Forget Gareth Cliff, a constitutional law expert shares views on alcohol ban, curfew
Johannesburg - President Cyril Ramaphosa’s announcement of an immediate ban on the sale and distribution of alcohol sent social media into a tailspin on Sunday night, with outraged citizens bemoaning that they had not been given notice to stock up ahead of the ban.
In enforcing the ban, Ramaphosa scolded South Africans who have been hosting parties, contravening lockdown regulations and contributing to the spread of the coronavirus which has now killed over 4 100 people and infected over 280 000 people since March.
On Tuesday controversial media personality Gareth Cliff added his voice to the mix, describing government’s decision to ban the sale of alcohol and instituting a curfew between 9pm and 4am as “bullsh**”.
"He goes on TV this president, willy-nilly and makes rules. He sits with his national coronavirus command council and they go 'ah I think we need to ban alcohol' and they decide among themselves and that's it.
"Then he says there is a curfew and you can't visit your family. Bullsh**. You do not get to decide for free people in a free country whether they can see their mother or father, brother or sister or their children, you don't get to do that.
“And any government that tries to do that, even if they say it's for health reasons, it's a tyrannical state that is trying to control your behaviour," said Cliff.
We asked constitutional law expert Professor Pierre De Vos to comment on Cliff’s rant, and he declined, describing him as irrelevant and his rant as ridiculous.
Writing on his blog, Constitutionally Speaking, De Vos shared his views on the rationality of the contentious decisions taken by the Ramaphosa administration on Sunday.
He was sharing his opinion based on how he felt the courts would rule on the matters if the ban on the sale of alcohol or the curfew faced a legal challenge.
On the alcohol ban, De Vos said based on the rising Covid-19 cases and the increasing number of people being admitted to hospital, it was likely a rational decision in the eyes of the court.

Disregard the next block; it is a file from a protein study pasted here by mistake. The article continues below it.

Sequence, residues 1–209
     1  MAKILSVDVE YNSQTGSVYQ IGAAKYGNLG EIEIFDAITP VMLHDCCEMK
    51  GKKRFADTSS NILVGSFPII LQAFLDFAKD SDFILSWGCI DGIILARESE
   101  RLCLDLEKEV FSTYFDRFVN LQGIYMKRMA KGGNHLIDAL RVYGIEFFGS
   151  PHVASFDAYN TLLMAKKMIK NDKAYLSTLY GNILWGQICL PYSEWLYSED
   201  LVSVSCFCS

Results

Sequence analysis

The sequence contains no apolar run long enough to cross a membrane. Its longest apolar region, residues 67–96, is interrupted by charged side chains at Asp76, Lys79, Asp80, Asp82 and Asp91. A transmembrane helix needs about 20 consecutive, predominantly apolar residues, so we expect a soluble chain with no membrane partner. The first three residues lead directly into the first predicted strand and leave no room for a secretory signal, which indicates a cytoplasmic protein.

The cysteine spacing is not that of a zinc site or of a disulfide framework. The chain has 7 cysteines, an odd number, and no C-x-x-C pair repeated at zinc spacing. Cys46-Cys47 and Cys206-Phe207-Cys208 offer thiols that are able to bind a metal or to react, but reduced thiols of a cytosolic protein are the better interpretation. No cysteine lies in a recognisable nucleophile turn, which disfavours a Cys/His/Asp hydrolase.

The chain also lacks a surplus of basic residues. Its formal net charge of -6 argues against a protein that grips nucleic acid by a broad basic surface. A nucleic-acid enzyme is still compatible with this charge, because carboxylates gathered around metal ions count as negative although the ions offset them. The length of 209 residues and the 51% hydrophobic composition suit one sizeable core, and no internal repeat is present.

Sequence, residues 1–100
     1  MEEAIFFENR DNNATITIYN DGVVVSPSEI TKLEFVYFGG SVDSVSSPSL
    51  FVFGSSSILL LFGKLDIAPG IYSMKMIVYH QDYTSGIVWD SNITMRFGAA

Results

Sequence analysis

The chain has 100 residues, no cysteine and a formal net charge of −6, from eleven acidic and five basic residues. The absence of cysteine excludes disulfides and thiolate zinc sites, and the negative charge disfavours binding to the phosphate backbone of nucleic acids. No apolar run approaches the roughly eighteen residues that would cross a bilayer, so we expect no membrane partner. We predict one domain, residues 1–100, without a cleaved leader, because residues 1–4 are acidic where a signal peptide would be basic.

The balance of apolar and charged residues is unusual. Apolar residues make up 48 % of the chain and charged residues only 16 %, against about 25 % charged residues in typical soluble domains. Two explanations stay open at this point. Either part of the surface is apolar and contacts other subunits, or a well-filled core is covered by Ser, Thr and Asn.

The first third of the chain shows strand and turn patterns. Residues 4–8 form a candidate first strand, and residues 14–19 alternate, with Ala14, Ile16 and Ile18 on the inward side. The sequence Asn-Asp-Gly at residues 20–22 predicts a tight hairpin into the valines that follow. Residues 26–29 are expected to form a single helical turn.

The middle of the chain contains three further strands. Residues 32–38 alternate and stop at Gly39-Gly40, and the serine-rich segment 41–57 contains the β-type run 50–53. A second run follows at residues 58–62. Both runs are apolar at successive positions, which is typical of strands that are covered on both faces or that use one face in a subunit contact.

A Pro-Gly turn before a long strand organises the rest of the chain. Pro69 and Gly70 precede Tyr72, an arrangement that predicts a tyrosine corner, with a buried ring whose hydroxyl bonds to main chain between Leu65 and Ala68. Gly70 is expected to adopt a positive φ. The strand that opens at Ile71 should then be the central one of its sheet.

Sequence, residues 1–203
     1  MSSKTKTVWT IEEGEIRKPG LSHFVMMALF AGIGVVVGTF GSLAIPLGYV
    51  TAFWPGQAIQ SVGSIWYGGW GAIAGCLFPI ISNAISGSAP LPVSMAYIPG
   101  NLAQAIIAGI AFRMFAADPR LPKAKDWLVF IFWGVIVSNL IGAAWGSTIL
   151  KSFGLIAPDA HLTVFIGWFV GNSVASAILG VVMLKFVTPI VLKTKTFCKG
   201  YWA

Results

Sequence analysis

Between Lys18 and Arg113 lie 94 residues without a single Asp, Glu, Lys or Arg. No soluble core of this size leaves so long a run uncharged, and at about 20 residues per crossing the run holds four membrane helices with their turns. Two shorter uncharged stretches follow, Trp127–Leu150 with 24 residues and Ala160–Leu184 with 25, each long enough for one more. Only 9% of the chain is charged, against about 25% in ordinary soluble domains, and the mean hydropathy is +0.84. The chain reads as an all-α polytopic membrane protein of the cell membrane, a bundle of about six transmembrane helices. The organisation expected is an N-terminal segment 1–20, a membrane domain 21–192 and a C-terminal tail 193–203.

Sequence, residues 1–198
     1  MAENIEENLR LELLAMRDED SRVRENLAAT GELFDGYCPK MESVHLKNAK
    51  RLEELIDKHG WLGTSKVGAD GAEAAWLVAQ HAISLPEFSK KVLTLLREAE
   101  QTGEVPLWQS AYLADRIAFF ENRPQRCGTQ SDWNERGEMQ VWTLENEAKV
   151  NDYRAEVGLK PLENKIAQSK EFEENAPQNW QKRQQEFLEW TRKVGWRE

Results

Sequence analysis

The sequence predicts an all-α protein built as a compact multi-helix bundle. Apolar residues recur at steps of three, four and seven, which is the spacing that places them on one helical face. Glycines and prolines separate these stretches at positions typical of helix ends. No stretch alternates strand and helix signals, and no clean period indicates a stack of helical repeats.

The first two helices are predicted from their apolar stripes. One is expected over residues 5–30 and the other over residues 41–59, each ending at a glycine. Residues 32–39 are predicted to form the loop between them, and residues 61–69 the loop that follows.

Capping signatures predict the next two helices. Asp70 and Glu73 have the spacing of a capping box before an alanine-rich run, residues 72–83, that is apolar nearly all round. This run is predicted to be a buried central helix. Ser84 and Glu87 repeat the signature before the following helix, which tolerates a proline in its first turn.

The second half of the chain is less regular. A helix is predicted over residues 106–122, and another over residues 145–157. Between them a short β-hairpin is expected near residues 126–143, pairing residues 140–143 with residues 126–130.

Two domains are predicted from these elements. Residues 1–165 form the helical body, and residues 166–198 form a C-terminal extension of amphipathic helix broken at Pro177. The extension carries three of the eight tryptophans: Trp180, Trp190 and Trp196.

He argued, however, that the decision to stop the sale of alcohol during level 5 of the lockdown - when cases were low - could be invalid and also contributed to the backlash the government was now facing from the public.
“Arguably, the ban on the sale of liquor during level 5 lockdown when confirmed cases were low and hospitals were close to empty, was not necessary to deal with the destructive effects of Covid-19 and may have been invalid.
“The level 5 ban may also have been a strategic mistake as it may have contributed to the public hardening of attitudes towards the lockdown, thus turning a public health emergency into a matter of law and order in the eyes of the public. But given the general deference shown by our courts to lockdown regulations, it is not clear that the courts would have invalidated the ban,” said De Vos.
De Vos said it would be difficult to argue against the alcohol ban.
“It would be difficult to argue that the ban on the sale of liquor is not necessary to deal with the destructive effects of Covid-19.
“The ban is clearly authorised by the Disaster Management Act and as long as it is rationally related to the purpose of the declaration of the disaster, it will be valid. I would be surprised if a court found that there was no rational connection between the ban and the aim of freeing up hospital beds better to deal with the medical consequences of Covid-19,” he said.
De Vos said due to the dire situation in which the country found itself, it would be difficult to argue against the need for a curfew as it curtailed those who hosted parties from doing so.
“I will assume the purpose of the curfew is to stop socialisation of people at night (as such socialisation will allow the virus to spread faster), and additionally to make it easier for the police to enforce the other lockdown regulations.
“The former is an important and pressing purpose while the latter is not. This must be weighed up against the impact that the imposition of the curfew will have on members of the public. Clearly, a curfew radically curtails an individual’s freedom of movement and would only be justified in extreme cases.
“The state would have to show that other measures that are less invasive of citizen’s rights are not available to achieve the purpose. I am not sure they will be able to do so, but, once again, given the deferential attitude of most courts towards the government imposed lockdown restrictions, I am not as confident as I would normally be that a challenge to the curfew would be successful,” he said.